New Zealand: Canterbury Regional Council v Eliot Sinclair: role of a competent engineering consutant

Duncan Cotterill recently acted for an engineering firm in a successful defence of a prosecution under the Resource Management Act 1991 (RMA).

Canterbury Regional Council (the Council) brought proceedings against Eliot Sinclair and Partners Ltd (Eliot Sinclair) in relation to permitting the discharge of sediment laden water from a subdivision project at Duvauchelle Bay (the site).

The case was heard in the District Court before an Environment Court judge and sets an important precedent for the engineering industry and those involved in development and subdivision projects as to the requisite degree of skill, care and diligence reasonably expected of a competent professional.

Background

The charges against Eliot Sinclair were brought against the background of guilty pleas by both the contractor who undertook the earthworks at the site and the development company itself. Both had accepted liability for the discharges and were fined accordingly. These proceedings appeared to be an attempt by the Council to obtain a 'third scalp' for the offence, by establishing liability for third party consultants where breaches of the RMA occur in projects they are involved in.

Eliot Sinclair is a surveying, engineering and planning consultancy which, in this case, provided professional services to the development company. There was a link between the development company and Eliot Sinclair, which had common directors. Eliot Sinclair initially designed an Erosion and Sediment Control Management Plan (ESCMP) for the subdivision project and was later engaged to act as engineer during the infrastructure construction phase.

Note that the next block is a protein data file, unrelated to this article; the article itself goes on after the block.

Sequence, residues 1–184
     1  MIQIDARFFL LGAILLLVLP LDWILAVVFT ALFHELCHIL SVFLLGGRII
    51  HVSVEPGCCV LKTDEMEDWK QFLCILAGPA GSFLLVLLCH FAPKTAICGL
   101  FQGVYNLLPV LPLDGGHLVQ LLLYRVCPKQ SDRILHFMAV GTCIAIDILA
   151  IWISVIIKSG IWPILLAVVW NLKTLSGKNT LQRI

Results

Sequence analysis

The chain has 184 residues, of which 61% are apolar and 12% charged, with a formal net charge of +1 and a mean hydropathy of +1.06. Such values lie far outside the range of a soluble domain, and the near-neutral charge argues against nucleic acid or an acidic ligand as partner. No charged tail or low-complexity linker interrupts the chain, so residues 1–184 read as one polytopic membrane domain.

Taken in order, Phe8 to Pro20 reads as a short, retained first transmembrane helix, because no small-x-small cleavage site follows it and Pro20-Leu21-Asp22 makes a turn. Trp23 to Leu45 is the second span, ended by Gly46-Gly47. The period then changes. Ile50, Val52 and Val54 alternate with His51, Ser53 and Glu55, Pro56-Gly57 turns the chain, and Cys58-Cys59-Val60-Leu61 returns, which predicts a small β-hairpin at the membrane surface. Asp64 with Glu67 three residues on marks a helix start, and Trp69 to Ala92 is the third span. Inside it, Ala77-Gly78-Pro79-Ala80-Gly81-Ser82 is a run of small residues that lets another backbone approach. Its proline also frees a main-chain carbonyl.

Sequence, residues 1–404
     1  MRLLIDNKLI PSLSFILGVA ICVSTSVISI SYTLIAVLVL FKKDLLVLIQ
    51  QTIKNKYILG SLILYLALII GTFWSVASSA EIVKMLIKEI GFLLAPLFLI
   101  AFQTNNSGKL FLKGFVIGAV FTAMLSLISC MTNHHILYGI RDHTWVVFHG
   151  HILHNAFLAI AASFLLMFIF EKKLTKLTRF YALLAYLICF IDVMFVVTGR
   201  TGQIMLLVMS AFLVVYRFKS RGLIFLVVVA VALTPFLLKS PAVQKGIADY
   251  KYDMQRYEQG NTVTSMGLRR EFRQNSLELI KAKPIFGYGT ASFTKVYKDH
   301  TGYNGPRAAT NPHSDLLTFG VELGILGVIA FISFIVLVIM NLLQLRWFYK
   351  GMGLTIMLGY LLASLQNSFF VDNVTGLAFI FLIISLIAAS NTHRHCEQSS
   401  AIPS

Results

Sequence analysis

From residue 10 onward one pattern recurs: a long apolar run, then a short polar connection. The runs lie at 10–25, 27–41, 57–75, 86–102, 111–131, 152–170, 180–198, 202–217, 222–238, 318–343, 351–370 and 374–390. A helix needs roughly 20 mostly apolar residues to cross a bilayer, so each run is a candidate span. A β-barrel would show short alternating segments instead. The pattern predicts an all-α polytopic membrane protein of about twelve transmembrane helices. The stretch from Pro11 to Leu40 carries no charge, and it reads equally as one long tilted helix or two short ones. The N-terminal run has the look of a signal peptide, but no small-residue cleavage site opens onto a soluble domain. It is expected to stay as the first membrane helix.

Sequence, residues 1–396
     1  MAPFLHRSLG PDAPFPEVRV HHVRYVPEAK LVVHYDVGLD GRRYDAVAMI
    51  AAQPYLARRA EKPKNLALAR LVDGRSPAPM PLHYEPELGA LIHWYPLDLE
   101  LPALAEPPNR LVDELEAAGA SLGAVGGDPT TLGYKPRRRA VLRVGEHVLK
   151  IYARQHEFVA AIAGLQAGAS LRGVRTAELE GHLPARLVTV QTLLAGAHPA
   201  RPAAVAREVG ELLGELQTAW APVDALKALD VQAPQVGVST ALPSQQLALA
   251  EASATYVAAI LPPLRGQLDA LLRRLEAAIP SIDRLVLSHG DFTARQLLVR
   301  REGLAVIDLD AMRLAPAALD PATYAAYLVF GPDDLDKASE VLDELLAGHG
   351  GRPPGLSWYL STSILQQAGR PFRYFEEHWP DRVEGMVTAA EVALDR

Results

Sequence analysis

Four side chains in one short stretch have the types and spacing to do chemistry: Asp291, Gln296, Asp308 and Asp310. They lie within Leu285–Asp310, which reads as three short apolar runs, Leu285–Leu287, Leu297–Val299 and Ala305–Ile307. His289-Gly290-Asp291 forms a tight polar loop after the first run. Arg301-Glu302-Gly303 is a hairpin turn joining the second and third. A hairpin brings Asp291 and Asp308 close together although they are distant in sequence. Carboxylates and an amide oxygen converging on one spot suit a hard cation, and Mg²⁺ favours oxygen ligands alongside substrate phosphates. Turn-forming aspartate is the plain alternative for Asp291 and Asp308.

It was common ground between the parties that the discharges had occurred. The issue was whether Eliot Sinclair had "permitted" that discharge by failing to do enough to prevent it. Under the RMA, the offence is "permitted" if the party charged allowed, acquiesced, abstained from preventing or tolerated the act or omission.

The ESCMP detailed that during the subdivision's construction phase, the main method of controlling discharges was the installation of a sediment retention pond at the bottom of the site. This was intended to catch run off from the site and discharge it to the stormwater drainage system via stormwater pipes.

Amendment to plan

Shortly after the construction commenced, it was identified that the construction of stormwater pipes was not going to be completed on schedule and therefore a temporary amendment to the ESCMP system was proposed by Eliot Sinclair. The amendment resulted in a sediment retention pond being used to contain run-off, together with a secondary flow path.

This system worked satisfactorily until heavy rain on 20 April 2013. Two days earlier, the contractor had cut a trench through the bund wall for the purpose of laying stormwater pipes. This meant that the pond could not retain storm water. The Council issued a formal warning after sediment entered Duvauchelle Bay during this event.

Events post 20 April 2013

In the period 20 April 2013, Eliot Sinclair took a proactive approach involving numerous site visits and written correspondence to the contractor detailing the work which needed to be done to bring the system up to compliance. This letter also prohibited the contractor from starting any further earthworks until the sediment control requirements were in place.